Thursday was the first day of Wikimania proper, and I arrived at George Washington University by bike. The day began with keynote speeches. Sad to say, while Jimmy Wales is clearly a confident and proficient speaker, the content of his talk was quite uninspiring. The talk on increasing Wikipedia’s diversity, and in particular attracting more female contributors was far more interesting and thought-provoking. We all have a duty to do more in this regard.
Unfortunately, I couldn’t get into either of the first two sessions I wanted to, at first, as both rooms were packed to overflowing. Clearly, larger rooms should have been available. However, as the crowds thinned, I did manage to hear the end of the first GLAM session.
I was then interviewed on camera, for a Wikimedia promotional video. Though only seconds are likely to be used, I was questioned under bright lights for over half an hour, after first being subject to a makeup session, “to cover up blemishes”. Cheek — I don’t have any!
I then found two of my female friends, both upset that only male-fit T-shirts were left available to them, due to under-ordering. So much for doing more to increase diversity!
After lunch, I took my seat for a set of GLAM presentations, only to be asked to facilitate the session, with just a couple of minutes notice. The non-arrival of one speaker and technical issues with another’s laptop left me having to fill time, so I took the opportunity to again proselytise about QRpedia (thankfully, the audience were mostly different to that I’d spoken to on the previous day).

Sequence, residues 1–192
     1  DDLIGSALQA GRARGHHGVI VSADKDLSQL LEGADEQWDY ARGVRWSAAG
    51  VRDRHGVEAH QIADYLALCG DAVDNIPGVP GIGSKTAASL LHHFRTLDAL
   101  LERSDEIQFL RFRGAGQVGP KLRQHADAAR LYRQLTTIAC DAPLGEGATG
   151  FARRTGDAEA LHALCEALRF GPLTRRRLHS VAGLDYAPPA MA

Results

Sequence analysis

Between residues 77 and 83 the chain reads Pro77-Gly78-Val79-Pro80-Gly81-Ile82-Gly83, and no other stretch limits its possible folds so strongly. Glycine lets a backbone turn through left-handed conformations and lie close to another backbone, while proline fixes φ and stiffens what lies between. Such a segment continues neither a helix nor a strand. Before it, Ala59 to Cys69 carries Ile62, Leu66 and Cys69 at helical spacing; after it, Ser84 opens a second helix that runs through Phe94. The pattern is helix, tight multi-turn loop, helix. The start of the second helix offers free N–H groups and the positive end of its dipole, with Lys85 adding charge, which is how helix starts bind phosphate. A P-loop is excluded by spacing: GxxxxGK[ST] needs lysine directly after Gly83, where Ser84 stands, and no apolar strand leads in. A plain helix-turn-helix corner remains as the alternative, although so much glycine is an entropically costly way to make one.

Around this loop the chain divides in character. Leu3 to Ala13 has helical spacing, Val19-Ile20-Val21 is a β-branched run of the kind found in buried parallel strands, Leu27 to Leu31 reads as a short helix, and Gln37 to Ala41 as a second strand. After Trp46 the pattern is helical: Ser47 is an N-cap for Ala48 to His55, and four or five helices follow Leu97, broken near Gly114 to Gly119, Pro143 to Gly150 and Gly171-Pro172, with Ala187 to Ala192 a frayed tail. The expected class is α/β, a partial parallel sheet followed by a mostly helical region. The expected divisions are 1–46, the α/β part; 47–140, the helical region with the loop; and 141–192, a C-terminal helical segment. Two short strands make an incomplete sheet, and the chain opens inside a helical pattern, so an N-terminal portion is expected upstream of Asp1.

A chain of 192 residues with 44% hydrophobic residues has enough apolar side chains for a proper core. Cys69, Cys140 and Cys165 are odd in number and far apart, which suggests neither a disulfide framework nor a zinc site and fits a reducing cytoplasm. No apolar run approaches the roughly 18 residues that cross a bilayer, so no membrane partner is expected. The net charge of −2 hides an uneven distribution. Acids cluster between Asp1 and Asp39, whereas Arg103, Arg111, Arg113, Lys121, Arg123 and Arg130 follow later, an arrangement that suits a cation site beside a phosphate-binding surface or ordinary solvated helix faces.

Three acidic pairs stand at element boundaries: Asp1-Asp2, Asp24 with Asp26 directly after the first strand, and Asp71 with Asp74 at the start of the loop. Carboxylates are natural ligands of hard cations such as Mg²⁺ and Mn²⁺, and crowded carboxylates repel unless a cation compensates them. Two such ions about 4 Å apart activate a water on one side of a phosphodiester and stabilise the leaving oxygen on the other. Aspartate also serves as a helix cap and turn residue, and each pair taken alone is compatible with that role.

A brief rest at a fellow delegates’ neighbouring hotel was followed by a Metro ride to the Newseum, an interactive museum of news and journalism, for another reception, where I had an interesting chat about our comparative health care systems, with American doctor, Roy Poses, President of the Foundation for Integrity and Responsibility in Medicine, one of the session panelists, and chatted to a high-school student from Pennsylvania, who was attending Wikimania, chaperoned by her non-Wikipedian mother. Truly, a fascinating spectrum of people were attending, and made welcome.